Outgoing former Howard Government Minister for Communications, Helen Coonan, has used her valedictory speech in the Senate to take a swipe at Labor's National Broadband Network (NBN) project, saying that the OPEL project would already be delivering fast broadband to regional Australians today.
"It is indefensible that Australians in rural and remote areas have been denied the benefits of fast, affordable broadband that would have been available to them for the past three years under the OPEL network. OPEL was a part of my vision in 2006 to meet the needs of rural and regional Australia and it remains relevant today," Coonan said yesterday. "Sacrificing OPEL on the altar of the costly NBN experiment has meant only a handful of people in regional Australia have taken up the service thus far."
The OPEL plan was killed off in early 2008 by the newly installed Labor government in favour of its own fibre-to-the-home project that ultimately became the NBN. Recently, Communications Minister Stephen Conroy described Coonan's $1 billion OPEL wireless vision as a "dog that got put down".
Coonan rose in the Senate yesterday to announce her retirement, saying that after 15 years in the parliament it was time to move on. Coonan admitted that her time as communications minister from July 2004 until the Howard Government was voted out in November 2007 had been one of the most challenging points in her parliamentary career.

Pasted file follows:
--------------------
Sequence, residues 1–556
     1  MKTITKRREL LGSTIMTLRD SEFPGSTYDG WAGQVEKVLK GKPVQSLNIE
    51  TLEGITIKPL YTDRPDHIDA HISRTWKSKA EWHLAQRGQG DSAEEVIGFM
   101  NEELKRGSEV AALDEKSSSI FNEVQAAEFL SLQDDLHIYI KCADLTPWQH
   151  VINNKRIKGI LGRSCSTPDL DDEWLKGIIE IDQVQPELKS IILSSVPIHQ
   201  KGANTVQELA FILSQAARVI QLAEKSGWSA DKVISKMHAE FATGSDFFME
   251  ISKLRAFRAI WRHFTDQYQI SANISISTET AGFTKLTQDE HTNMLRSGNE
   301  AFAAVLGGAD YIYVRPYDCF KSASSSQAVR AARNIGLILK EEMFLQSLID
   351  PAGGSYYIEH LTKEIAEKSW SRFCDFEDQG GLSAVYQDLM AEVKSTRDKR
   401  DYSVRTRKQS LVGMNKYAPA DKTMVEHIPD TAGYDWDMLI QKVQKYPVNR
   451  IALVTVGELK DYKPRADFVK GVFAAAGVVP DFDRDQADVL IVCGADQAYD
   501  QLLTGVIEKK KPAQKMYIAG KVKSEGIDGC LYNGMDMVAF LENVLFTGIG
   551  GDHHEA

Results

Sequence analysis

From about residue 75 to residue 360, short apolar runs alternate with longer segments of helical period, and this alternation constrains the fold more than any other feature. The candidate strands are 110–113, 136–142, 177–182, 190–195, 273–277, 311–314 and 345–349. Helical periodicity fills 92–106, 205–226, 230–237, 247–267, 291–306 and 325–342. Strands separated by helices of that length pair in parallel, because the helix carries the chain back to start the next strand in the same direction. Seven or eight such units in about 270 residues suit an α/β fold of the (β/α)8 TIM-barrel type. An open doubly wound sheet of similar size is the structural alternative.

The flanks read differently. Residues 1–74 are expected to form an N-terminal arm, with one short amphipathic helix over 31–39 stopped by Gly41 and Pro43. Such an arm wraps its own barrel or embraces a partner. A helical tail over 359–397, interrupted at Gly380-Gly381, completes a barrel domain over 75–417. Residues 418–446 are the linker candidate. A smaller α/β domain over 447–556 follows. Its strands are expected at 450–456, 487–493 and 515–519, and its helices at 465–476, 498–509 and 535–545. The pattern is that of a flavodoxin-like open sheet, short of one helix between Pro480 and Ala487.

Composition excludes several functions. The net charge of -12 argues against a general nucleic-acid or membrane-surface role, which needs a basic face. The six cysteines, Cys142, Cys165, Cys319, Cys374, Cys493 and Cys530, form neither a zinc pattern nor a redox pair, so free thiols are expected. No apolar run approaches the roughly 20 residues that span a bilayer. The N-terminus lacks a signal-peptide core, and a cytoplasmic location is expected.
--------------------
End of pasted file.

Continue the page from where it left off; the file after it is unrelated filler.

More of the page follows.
"In the vast Communications portfolio I inherited [there were] many policy challenges including some major unfinished business; to get legislation passed to enable completion of the sale of Telstra and to reform media regulation that had been in place, virtually untouched, for over 20 years," she said.
"This was when rapid advances in technology were and still are transforming the media landscape, making existing regulatory settings of converged platforms, with global reach, increasingly redundant."
Although she admitted she had sympathy for any minister in charge of developing communications policy in such a changing environment, she warned that this environment is exactly the reason why the government should not be locking Australians into a single technology — fibre — pointing to the example of the recent US research for Data In, Data Out (DIDO) wireless technology, which promises wireless speeds up to 1000 times faster than those offered today.
"There are enormous hazards inherent in picking one dominant technology, fibre to the home, for a new ubiquitous network, when all the risk is borne by taxpayers who will likely be left with a sub-optimal network when something more efficient comes along, as it surely will over a 10-year roll-out," she said.
Coonan put the government investment figure for the NBN at between $50 and $80 billion, despite the cost of the network being put at $35.9 billion, with government investment estimated at $27.1 billion. She then questioned whether this investment would guarantee a future-proof network.
The senator added that while there was bipartisan agreement that all Australians should all have access to fast, affordable broadband, and said she would like to see broadband included in the telephone guarantee already offered by government, currently provided by Telstra.
"I, for one, consider that this basic guarantee should be provided in the Universal Service Obligation [USO]. The days when it is sufficient to guarantee Australians a phone on the wall have well and truly been superseded by the need for access to a fast and affordable broadband service regardless of where you live."